News Releases and Op-Eds
Jock Finlayson: The centre of economic gravity is tilting (Vancouver Sun)
The rise of China and other emerging economies is having a profound impact on the international economic and political order established by a handful of Western countries at the close of the Second World War. Collectively, the emerging economies of Asia, the Middle East, Latin America and Africa will soon account for half of world production and consumption. They have also driven most of the growth in the global economy since the mid-2000s.
One area where emerging economies are making a notable difference is the pattern of foreign direct investment (FDI). Long viewed solely as destinations for FDI by Western-based multinational companies, some emerging economies have become important sources of investment into the U.S. and other advanced country jurisdictions.
Canada is now on the receiving end of such FDI, as seen with two recent proposed takeovers of Canadian energy companies by firms based in China and Malaysia. Specifically, Chinese energy giant CNOOC is seeking to acquire Nexen, a medium-sized Canadian energy firm, while Malaysian-based Petronas wants to buy Progress Energy, another Canadian energy company. Both transactions are under review by the federal government.
An unusual feature of these proposed takeovers is that the acquiring firms are state-owned. This speaks to another trend that is shaping the global investment landscape: the expanding presence of state-owned enterprises (SOEs) and sovereign wealth funds (SWFs).
SOEs are increasingly well-represented among the ranks of the largest global enterprises. Indeed, some 30 per cent of the emerging world's biggest companies are SOEs.
Sovereign wealth funds - which are saving and investment vehicles created by governments - are another force to be reckoned with, having been established in emerging markets such as Russia, Kuwait, Saudi Arabia and Malaysia, as well as in more advanced jurisdictions like Singapore, Abu Dhabi and Norway. (At the sub-national level, Alaska and Alberta have their own versions of SWFs.) SWFs are among the world's biggest pools of capital, boasting $5 trillion in assets under management, a figure expected to reach $10 trillion by 2020. Much of this is available to be invested in equities, bonds, real estate and infrastructure assets in developed economies.
The state, through SOEs and SWFs, is a highly visible player in the international energy marketplace. For resource-rich countries like Canada, SOEs are a significant source of capital to develop and grow their resource sectors. This should be kept in mind as federal government policymakers ponder the proposed Nexen and Progress Energy transactions. In both cases, the acquiring SOEs bring not just financial resources, but also expertise and leadership in developing energy assets, related infrastructure and new markets.
For their part, the federal Department of Industry and the Minister of Industry are required to decide whether the Nexen and Progress Energy acquisitions would be of "net benefit" to Canada. This is not a simple task. It involves assessing the consequences of the proposed foreign investments by inquiring into matters such as the future growth of the Canadian operations, employment levels, procurement of Canadian-made goods and services, tax payments to governments, the retention of head office functions in Canada, and national security. Because the foreign firms in both cases are state-owned, Ottawa will also look at how they behave on a commercial basis - and at whether they adhere to appropriate corporate governance standards.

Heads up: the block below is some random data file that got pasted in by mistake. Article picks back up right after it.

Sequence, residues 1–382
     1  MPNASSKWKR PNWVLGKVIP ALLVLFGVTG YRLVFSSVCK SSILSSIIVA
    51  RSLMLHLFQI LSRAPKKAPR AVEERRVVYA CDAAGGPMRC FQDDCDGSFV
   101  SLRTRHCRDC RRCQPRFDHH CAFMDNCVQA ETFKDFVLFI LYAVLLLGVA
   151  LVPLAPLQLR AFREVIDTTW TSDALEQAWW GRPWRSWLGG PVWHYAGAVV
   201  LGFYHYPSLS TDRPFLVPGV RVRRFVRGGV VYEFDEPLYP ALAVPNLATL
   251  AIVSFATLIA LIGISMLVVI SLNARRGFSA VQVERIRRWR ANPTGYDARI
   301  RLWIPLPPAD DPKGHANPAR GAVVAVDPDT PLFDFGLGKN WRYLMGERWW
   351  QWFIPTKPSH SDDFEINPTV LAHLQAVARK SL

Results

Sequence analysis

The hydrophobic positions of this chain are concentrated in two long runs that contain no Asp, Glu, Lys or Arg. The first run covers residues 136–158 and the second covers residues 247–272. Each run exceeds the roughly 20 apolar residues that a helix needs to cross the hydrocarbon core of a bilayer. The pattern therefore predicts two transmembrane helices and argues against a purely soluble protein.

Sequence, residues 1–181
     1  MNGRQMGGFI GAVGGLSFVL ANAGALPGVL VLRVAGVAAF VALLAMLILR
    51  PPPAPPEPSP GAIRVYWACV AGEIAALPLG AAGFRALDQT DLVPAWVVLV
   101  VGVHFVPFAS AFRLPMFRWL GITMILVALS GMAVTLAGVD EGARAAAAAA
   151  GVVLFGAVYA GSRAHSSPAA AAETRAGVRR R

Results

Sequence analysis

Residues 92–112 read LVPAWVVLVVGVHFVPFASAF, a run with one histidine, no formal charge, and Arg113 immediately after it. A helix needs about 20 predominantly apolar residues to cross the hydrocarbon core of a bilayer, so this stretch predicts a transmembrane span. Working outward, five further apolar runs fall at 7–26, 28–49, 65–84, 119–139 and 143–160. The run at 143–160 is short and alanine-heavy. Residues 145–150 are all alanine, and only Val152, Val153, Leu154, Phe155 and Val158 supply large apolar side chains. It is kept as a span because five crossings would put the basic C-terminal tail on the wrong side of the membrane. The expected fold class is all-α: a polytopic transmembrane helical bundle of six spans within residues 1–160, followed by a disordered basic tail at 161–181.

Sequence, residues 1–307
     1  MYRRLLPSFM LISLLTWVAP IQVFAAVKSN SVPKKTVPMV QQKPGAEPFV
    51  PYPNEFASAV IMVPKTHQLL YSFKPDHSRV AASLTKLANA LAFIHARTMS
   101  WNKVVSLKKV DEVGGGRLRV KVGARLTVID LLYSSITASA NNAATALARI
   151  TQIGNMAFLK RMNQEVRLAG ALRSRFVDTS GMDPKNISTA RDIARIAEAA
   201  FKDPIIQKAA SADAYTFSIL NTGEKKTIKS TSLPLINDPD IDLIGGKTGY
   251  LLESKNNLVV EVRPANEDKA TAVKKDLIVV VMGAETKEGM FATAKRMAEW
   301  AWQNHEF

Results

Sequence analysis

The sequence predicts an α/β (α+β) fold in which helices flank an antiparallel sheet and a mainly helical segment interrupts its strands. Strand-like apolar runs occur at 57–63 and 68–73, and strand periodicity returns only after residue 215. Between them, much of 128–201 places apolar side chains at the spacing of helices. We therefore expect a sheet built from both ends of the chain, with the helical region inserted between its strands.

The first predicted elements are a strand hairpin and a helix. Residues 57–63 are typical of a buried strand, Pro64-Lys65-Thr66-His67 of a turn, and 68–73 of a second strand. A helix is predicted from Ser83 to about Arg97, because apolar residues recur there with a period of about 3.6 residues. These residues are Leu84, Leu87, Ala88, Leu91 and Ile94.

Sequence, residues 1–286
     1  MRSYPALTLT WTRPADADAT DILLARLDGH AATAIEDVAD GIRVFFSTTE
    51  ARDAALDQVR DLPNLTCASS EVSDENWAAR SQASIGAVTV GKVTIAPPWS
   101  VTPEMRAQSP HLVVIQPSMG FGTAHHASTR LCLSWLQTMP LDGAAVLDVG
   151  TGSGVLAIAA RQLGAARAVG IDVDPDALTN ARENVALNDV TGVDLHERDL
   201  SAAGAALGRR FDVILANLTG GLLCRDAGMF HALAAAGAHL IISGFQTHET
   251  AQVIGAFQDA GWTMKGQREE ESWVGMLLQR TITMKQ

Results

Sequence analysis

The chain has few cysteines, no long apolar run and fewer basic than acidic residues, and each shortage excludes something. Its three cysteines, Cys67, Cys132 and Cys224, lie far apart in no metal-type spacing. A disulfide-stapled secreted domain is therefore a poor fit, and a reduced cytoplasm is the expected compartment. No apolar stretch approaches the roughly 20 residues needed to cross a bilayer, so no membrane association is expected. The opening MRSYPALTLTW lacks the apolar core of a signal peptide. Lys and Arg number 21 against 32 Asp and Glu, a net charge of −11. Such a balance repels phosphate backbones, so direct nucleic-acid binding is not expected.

It should be noted that a foreign takeover of a Canadian energy company doesn't change the underlying ownership of the resources in question: the provinces retain ownership of the oil and gas, while the companies obtain the right to develop the resource.
As the world's centre of economic gravity tilts toward Asia, Canada must consider how to position our country to benefit from this historic shift in global spending power. Given our energy and broader resource endowments and existing commercial ties with Pacific Rim markets, it's clear that Canada's future prosperity will be affected by our success in cultivating and sustaining strong trade, investment and people-to-people connections with Asia.
At a minimum, Canada should seek to be part of the evolving institutional architecture of the Asia-Pacific region by participating in the trans-Pacific Partnership negotiations and stepping up efforts to conclude trade and other commercial agreements with key Asian nations.
While the government has to ensure that the "net benefit" test is met for any acquisition of a Canadian company, it's also important that Canada remain open to foreign investment - including by SOEs.
As C.D. Howe Institute analyst Daniel Schwanen recently wrote, "If Canada wants to benefit from Asia's long-term growth potential, there is no getting around the need to facilitate trade, investment and other exchanges with China ... and with other economies where the state plays a determining role."
Jock Finlayson is executive vice-president of the Business Council of British Columbia.